As shown in the chart below, investors who attempt to time the market tend to miss out on important days of growth. In the past 10 years, missing out on the 10 best days meant that your portfolio ended approximately 40% lower than it would have had you stayed in the market.

 

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Difficulty of market timing
Source: Source: Russell Investments, Confluence. In CAD. Returns based on S&P/TSX Composite Index, for 10–year period ending June 30, 2020. For illustrative purposes only. Index returns represent past performance, are not a guarantee of future performance, and are not indicative of any specific investment. Indexes are unmanaged and cannot be invested in directly.

The bottom line

Another way to look at this is to consider that your home is an investment—even though it’s often not viewed as one in the same manner that your retirement is. Like the equity market, the housing market also sees frequent swings in value. But do you check the value of your home each and every day? If you’re not planning to sell soon, you likely don’t.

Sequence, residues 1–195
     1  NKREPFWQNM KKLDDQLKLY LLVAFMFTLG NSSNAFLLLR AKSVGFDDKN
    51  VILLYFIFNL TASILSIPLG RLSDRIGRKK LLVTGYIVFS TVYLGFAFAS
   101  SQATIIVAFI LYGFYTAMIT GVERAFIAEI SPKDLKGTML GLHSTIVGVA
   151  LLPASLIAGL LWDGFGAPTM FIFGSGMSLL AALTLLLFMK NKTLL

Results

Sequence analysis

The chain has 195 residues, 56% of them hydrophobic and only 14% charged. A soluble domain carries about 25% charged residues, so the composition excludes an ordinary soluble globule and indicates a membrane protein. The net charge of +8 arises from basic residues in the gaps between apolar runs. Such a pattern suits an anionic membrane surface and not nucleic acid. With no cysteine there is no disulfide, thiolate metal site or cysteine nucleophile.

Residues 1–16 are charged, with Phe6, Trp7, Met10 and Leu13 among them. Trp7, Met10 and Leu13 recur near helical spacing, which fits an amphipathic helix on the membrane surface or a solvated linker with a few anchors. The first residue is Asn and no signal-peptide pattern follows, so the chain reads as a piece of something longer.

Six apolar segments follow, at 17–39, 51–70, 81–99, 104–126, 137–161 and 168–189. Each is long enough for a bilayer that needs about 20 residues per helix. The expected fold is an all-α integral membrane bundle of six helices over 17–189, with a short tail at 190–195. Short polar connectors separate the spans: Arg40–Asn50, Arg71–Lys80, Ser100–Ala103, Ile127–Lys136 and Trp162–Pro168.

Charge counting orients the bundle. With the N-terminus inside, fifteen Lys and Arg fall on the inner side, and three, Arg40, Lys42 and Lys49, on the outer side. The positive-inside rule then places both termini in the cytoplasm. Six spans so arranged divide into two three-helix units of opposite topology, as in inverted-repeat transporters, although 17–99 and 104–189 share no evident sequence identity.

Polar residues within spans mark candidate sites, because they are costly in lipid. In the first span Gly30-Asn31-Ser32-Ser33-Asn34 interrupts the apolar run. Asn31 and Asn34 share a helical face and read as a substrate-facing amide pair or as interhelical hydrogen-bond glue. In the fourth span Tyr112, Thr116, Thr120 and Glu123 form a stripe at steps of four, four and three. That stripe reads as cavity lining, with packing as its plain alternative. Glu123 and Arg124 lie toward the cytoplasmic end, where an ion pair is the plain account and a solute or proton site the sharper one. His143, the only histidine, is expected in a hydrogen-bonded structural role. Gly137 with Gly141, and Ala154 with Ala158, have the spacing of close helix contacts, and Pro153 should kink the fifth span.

We believe the same logic should hold true for your other investments as well. If you have a long–term time horizon and an investment plan in place, but find yourself tempted to stray from that plan amid the COVID–19 crisis, it may make sense to discuss further with a financial professional—in order to fully understand the impacts of trying to time the market.

Ultimately, staying invested may pay off, even in times of crisis.

Got clients riding the wave of emotions in the market? This blog is part 1 of a series that looks at how emotions can affect investment choices. Read it, then explore our surfable chart: The cycle of investor emotions.

Canadian equities=S&P/TSX Composite Index; U.S. equities=S&P 500 Index; International equities=MSCI EAFE Index; Canadian Fixed Income=FTSE TMX Canada Universe Bond Index. Cash=1.25%.